Today, I woke up. Thirty minutes before my alarm would have gone off at 5:20, I sat straight up in bed. I had instant clarity. I've been living scared, and it's cost me. Some of you may be surprised at that statement. I can fake it pretty well. Since I was 21, I've called myself an entrepreneur. I've started and owned over a dozen businesses. Some quite successful, some so-so, and several flops. And now I know exactly why: fear.
Earlier this year, I decided to read books differently. Instead of just plowing through them, I would pause and recap what I learned from each and how I could apply the lessons to my own life. Simply put, that's tougher than it sounds. I thought I could do a book a week, but I think half of that is a more realistic goal. (And I'm already a few behind of that pace, but I think I can catch up with some books already in progress.) In January, I read Ikigai by Sebastian Marshall. Last month, I finished Start With Why by Simon Sinek.
Back in October, I circled today's date on the calendar. Knowing that the next few months would be incredibly intense, I decided to opt-out of the traditional New Year's planning process, deferring it until I reached a natural pause in my schedule. In fact, I had no idea how true that would be. From Halloween through to February, the rest days were few and far between. I justified my growing addiction to Monster Rehab and the spaced-out hours of television that creeped back into my schedule. And then my body simply gave out.
Falling down sucks, particularly if you've climbed a little higher since the last time you fell down. It hurts more. The bruises and scrapes are little deeper. Then the mental games begin. And they're far worse than the physical ones. It feels like being stuck in mud as far as you can see. It takes all your strength to simply stand up, and then there's no clear path out. It's frustrating and exhausting. What to do?
Sometimes the greatest obstacle to moving forward is looking backwards. We cling to the memories of our good 'ol days, linking our identity to a past success. Maybe it was winning an athletic championship in high school or college, or maybe even a single incredible play. Maybe it was a position with inside access to movers and shakers. Maybe it was a work project that mirrored the case studies you read in college. Maybe it was earning more than you'd ever dreamed of for a period of time. We often talk of learning from our failures and putting them behind us. The same is true of our successes. Here are three ways success can be a trap, and how to escape them.
For most of my twenties, I had horrible pain in my hands and forearms. Sometimes it was a steady ache, sometimes a shooting pain, and sometimes it just felt like I was on fire from the elbows down. I've had all the tests and lived on Celebrex for a while. (Whoever invented the test for Carpal Tunnel Syndrome deserves a special episode of Alias just for them.) It really was never diagnosed as anything specific, and I eventually quit seeking traditional medical care for it. Once I started working out regularly and eating better, it mostly went away. Until the last ten days or so.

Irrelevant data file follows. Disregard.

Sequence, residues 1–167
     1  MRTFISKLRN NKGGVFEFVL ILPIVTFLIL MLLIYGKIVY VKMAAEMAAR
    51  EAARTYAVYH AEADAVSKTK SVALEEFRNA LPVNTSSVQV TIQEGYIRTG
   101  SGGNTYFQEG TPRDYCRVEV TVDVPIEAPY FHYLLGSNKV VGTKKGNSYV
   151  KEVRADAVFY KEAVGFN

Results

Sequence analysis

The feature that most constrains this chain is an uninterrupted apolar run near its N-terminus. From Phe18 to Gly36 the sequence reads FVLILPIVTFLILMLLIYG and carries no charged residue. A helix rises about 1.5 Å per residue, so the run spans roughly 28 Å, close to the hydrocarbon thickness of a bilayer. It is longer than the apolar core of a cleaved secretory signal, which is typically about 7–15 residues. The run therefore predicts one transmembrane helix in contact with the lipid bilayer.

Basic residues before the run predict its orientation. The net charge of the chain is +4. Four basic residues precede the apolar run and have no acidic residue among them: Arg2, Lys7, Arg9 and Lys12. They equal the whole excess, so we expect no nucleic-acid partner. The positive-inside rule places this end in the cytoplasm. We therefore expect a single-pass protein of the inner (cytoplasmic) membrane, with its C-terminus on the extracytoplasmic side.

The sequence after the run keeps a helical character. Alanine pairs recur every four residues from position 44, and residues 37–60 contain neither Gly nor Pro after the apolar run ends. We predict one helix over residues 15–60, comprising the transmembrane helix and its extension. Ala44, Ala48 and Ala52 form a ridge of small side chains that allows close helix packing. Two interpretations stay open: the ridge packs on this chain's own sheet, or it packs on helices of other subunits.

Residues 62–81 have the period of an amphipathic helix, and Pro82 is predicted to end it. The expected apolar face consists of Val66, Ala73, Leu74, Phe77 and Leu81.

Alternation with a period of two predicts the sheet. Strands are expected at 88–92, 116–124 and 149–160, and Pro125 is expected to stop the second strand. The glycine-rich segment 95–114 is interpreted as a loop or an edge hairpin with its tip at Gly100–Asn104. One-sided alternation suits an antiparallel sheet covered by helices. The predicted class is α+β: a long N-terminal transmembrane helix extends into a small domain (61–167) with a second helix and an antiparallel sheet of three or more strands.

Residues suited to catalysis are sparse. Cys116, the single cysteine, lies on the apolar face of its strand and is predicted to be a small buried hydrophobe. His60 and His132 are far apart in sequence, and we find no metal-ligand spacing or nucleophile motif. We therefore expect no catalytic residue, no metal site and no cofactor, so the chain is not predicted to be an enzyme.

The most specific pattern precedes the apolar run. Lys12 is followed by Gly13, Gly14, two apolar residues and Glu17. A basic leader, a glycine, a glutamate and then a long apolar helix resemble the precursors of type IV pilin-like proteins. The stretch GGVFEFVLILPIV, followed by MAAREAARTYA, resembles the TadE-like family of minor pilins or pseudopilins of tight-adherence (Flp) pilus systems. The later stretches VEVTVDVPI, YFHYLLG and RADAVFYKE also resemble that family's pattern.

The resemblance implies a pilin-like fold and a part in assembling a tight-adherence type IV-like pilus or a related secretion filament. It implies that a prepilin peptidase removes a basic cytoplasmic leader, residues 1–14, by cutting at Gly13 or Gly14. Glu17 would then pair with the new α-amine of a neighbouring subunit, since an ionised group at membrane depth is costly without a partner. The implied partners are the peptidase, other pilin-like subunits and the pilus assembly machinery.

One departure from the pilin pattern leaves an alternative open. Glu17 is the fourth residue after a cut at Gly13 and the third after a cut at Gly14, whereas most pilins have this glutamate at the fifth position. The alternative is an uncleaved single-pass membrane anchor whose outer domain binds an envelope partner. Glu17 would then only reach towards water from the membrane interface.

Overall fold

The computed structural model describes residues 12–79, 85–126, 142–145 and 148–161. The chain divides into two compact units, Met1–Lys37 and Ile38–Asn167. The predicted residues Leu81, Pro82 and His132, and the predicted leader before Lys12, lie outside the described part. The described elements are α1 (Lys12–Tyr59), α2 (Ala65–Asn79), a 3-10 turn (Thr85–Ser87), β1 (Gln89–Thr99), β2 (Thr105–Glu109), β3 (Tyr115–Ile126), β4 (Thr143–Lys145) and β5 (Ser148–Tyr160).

If we were running a 5K or marathon, we wouldn't dream of stopping just inches before the finish line. We know that the rewards come with finishing, and there's not much else that tops that surge of confidence and pride in ourselves. So why don't we carry that philosophy into our work? I'm guilty of it too. When the finish line approaches on a consulting contract, we start to brainstorm ways to extend it, often sabotaging ourself or our colleagues. Or, if we're an employee, we cling to projects for the job security they seemingly provide. We're not willing to automate them, cutting the needed hours in half. Or to create a checklist and train a more junior person to complete them. Why?
Count me as a member of Team Tebow. I'm a fan, and I've certainly enjoyed the last few weeks of improbable victories. He's certainly made football more exciting and provided an excellent role model for living out the Christian faith. But there's more we can learn from his example. And I think the lessons translate to more than the football field. Here's what Tim Tebow can teach us about business.
I used to think that there was an "it" to figure out, that one day everything would snap into place and make sense. I'd know my purpose and exactly how to fulfill it. In search of that, I'd dip a toe, or maybe a calf, into something new, and then move on when it wasn't perfect. I was committed, but there was always a part of me that held back. At the time, I wasn't even aware that I was shielding myself, but it's clear as day looking back. I wanted the certainty first. Somewhere in the last couple of months, I've realized that it's not likely to happen that way. But I'm not the least bit disappointed.
Maybe it's the time of year or our recent discussions about raises and pay equity. I've really been paying attention to this topic lately. In general, I think it's healthy to always ask for feedback and let folks know that you're always looking to grow. There is one way to fail before you even get started, and I'm still surprised at the number of people that use this approach. Let's talk about pie. We all want more pie, and we have some choices about how to get it.